The day Rachel passed, before even leaving the hospital, we, her family, decided we needed to make something good come from the unimaginable. Hence, the decision to create a memorial scholarship fund in Rachel’s name. This way, we could continue to honor our daughter and continue to help her light shine on for years to come. If she were alive, she would have continued to make a huge impact on the world. In her death we must help to carry that light on – and encourage others to do the same.
Rachel was born with wonder in her eyes. As the first born and the only sister to two younger brothers, she was a natural born leader. She was a girly girl growing up, loving pink and frills. However, she was also a tomboy who loved sports, fishing, getting dirty and collecting rocks. A favorite memory was when she was about five and swimming off a boat in a lake with a life preserver on. When we pulled her in the boat, about five pounds of pebbles and rocks spilled out of her life jacket. She said they were all too pretty and she wanted to bring them home. We told her adding rocks to a life jacket kind of defeats the purpose!
Growing up Rachel never shied away from showing compassion and love for those around her. We have countless videos of Rachel assisting classmates during holiday programs, handing a rebound over (“aren’t I supposed to share?”), to befriending a kiddo on the playground, Rachel embodied the concept of loving others.
As a student, Rachel immersed herself in her studies. She took her education extremely seriously and while she was an excellent student, she had to put much time and effort into the results she desired. She consistently achieved honor and high honor grades in high school and knew the effort she put in would pay off as she earned the Presidential Scholarship at Valparaiso University.
In addition to being an excellent student, she was involved in many clubs, sports, and activities. While in high school Rachel played volleyball and was a member of the marching Barbs for all four years. She was involved in student council, softball, principal’s advisory council, theater, and NHS all while working part time at Oak Crest Retirement Center – a passion she had working with the elderly.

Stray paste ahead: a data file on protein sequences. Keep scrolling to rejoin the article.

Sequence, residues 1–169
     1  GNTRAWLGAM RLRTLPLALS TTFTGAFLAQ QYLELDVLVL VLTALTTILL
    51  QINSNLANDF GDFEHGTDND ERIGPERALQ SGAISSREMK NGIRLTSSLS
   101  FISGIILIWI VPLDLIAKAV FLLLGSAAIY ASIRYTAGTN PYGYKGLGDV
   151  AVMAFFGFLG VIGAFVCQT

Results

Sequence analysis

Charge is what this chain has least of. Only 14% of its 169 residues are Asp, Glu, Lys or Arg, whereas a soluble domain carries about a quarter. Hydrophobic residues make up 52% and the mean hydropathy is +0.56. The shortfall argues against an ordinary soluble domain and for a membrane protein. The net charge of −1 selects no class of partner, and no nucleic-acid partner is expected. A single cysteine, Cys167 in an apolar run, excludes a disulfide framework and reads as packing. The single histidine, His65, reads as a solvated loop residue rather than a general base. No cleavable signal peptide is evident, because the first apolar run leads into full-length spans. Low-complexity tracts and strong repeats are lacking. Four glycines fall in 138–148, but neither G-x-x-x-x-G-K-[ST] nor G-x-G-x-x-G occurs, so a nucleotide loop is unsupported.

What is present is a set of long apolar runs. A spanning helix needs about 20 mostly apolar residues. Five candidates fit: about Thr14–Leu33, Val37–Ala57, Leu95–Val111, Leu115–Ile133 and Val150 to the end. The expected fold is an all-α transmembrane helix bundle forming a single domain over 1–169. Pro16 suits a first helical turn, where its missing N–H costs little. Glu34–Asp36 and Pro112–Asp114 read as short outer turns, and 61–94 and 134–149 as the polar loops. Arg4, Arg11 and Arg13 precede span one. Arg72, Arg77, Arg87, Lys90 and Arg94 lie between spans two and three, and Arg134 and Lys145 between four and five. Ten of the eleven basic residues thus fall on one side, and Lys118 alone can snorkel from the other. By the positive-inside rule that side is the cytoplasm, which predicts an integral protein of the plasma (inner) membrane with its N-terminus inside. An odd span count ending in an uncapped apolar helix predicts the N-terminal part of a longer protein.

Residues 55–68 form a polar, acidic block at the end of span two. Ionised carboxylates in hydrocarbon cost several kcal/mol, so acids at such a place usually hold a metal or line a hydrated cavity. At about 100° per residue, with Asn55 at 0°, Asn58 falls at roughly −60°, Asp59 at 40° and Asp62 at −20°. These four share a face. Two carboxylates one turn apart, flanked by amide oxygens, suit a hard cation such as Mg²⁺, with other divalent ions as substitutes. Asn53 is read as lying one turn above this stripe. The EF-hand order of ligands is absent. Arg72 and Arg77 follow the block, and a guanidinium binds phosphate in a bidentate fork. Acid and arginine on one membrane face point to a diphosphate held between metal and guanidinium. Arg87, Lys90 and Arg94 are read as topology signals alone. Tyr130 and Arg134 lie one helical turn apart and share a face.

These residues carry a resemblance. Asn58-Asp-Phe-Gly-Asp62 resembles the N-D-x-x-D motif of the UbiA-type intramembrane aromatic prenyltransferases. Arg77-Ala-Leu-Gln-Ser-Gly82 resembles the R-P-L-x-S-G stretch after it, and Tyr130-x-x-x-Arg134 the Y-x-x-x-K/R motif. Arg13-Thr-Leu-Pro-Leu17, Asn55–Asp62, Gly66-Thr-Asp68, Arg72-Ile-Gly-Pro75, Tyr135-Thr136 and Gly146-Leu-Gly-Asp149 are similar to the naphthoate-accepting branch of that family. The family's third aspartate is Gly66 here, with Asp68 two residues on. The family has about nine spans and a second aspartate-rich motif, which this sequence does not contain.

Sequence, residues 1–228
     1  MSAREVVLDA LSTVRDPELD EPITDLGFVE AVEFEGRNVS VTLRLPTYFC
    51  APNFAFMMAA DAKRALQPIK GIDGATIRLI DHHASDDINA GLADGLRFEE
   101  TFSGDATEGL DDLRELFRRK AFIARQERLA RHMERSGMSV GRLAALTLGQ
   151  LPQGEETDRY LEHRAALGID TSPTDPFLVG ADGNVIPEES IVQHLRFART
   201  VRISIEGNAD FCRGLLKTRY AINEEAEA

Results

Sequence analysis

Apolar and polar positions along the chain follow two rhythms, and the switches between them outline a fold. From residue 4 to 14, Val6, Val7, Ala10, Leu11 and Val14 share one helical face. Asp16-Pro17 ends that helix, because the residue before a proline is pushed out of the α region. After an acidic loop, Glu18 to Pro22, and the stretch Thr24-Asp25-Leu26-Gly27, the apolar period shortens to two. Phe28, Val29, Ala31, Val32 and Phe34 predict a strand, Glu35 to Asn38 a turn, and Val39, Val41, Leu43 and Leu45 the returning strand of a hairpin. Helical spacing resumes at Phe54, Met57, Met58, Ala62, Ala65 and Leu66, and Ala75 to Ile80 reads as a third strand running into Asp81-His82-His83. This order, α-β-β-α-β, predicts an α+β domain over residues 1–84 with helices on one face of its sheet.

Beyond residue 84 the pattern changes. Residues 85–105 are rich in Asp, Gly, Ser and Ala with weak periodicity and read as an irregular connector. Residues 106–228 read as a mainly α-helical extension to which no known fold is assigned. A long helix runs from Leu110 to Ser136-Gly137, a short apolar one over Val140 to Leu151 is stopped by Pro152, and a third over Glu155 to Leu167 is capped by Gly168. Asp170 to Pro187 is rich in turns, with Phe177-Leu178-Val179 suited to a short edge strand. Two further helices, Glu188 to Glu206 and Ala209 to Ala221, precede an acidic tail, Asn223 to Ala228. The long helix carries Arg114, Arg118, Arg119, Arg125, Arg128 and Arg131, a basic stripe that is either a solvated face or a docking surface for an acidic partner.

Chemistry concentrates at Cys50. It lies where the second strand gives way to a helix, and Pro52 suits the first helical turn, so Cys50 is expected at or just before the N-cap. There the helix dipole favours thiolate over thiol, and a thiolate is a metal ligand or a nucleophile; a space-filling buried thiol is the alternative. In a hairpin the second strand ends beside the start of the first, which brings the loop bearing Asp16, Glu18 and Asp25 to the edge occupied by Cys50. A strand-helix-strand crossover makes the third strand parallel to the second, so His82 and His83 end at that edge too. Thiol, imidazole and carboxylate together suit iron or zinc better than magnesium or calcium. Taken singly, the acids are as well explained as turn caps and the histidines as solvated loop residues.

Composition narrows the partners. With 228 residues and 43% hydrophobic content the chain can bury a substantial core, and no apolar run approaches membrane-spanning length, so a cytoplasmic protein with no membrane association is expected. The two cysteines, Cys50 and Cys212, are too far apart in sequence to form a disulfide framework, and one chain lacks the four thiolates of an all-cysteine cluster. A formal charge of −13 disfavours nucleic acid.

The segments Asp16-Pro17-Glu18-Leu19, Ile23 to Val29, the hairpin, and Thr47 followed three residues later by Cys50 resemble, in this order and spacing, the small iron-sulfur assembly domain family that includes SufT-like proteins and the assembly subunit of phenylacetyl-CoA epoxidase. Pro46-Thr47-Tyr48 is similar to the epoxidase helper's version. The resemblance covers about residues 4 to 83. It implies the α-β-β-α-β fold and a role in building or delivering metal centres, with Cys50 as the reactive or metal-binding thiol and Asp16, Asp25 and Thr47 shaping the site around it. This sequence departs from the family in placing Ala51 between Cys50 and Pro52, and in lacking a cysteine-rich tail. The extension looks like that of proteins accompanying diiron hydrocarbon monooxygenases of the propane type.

The Valpo Years
While she thrived in high school, she looked forward to carving out her path at Valparaiso University – lovingly known as Valpo. Within three weeks at college Rachel called us to let us know that she found her “home” at Valpo. She began establishing those life-long relationships with floormates and classmates right away. Within a month or so, she was recruited to participate with the Track Team as a Thrower – something she had never done but did not hesitate to join! She quickly immersed herself in the Valpo life and joined Chi Omega where she instantly gained 60+ new sisters and memories that bring smiles to our faces to this day. She became a Resident Assistant, joined mission trips (Thailand stole her heart!), joined AcaBellas; a female acapella group, all while studying nursing and working part time at HealthLinc. To say she completely filled her four years at Valpo would be an understatement.
During a family vacation when Rachel was twelve, we traveled to Colorado. While visiting the top of Pike’s Peak Rachel said, “I am going to go to college, graduate and start my life in Colorado. I feel God here and I want to be here.” So, upon graduation Rachel set her sights on securing a Nursing position in program which would help grow her as a new nurse, concentrating her search in Colorado. Six weeks post-graduation she moved out to Denver to begin her nursing career on the Med/Surg Floor at Anschutz Medical Center, Aurora, Colorado.
Anschutz and its staff helped develop Rachel into the nurse she wanted to be; caring, compassionate, patient focused and competent. It wasn’t long before Rachel became a preceptor to help new nurses assimilate. Not only did she love her position, her patients and her co-workers; she loved the view, the new friendships formed, and the experience. Her experiences here helped her prepare for her dream to become a travel nurse.